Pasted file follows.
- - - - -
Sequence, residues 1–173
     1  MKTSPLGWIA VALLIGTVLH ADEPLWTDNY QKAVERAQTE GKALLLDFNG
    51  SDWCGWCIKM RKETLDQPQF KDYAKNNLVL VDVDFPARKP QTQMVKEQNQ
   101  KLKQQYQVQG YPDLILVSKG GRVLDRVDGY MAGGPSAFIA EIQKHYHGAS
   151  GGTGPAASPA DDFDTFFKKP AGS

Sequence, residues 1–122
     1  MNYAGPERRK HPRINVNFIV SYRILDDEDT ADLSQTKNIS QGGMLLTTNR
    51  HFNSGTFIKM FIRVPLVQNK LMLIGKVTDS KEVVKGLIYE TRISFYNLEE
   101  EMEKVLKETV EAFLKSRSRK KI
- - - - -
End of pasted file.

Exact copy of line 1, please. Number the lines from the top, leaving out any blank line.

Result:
Sequence, residues 1–173